From: J. R. Molloy (email@example.com)
Date: Mon Jan 07 2002 - 13:22:44 MST
From: "Jeremy Schafer" <firstname.lastname@example.org>
> Correct me if I'm wrong, but I'm under the impression that the thought of
> putting the singularity on hold "indefinately" is rather contradictory to
> the definition of the "singularity" itself as it is impossible to impede the
> growth and advancement of current and future technological factors.
While the "thought" of putting the Singularity on hold is contradictory to the
way some people have defined it, there are many things which could definitely
impede the ongoing acceleration toward a technological phase transition. Aside
from the legal morass that I've mentioned, anything from a massive asteroid
hit, to incurable pandemic (e.g., air-borne AIDS), to global war, could put us
in the same predicament as previous failed civilizations, the ruins of which
continue to surface. If nothing else, the 9-11 attack should remind us that
there are lots of enemies of high-technology, as if the Unabomber didn't make
the point well enough.
Furthermore, not everyone agrees about how the potential acceleration graphs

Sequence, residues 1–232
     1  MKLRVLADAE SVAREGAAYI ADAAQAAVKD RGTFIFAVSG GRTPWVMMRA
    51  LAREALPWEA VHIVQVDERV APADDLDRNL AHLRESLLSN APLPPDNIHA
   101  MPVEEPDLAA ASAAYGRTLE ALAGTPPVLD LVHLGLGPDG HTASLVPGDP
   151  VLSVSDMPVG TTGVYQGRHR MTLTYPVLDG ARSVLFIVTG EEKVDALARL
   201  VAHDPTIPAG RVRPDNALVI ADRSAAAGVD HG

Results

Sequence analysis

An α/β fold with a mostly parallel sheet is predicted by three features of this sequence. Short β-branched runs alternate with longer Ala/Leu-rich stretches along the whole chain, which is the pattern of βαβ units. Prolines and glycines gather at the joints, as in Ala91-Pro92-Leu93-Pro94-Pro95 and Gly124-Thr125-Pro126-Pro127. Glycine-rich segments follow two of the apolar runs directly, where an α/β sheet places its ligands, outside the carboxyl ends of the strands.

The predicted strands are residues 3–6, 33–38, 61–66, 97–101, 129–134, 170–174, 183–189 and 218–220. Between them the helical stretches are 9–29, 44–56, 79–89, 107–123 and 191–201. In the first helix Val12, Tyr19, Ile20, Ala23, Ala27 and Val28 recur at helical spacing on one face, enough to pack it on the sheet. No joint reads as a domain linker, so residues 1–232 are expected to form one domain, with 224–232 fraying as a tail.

out. Some see it as an S curve, while others see it as a cliff with a plateau
rather than a spike.
In addition, not everyone is happy with calling the phase transition a
"Singularity," as some have suggested other names for it, such as
Like the sage said, "Prediction is very difficult, especially when it involves
--- --- --- --- ---
Useless hypotheses, etc.:
consciousness, phlogiston, philosophy, vitalism, mind, free will, qualia,
analog computing, cultural relativism, GAC, Cyc, Eliza, cryonics, individual
uniqueness, ego, human values, scientific relinquishment, malevolent AI,
non-sensory experience, SETI
We move into a better future in proportion as science displaces superstition.
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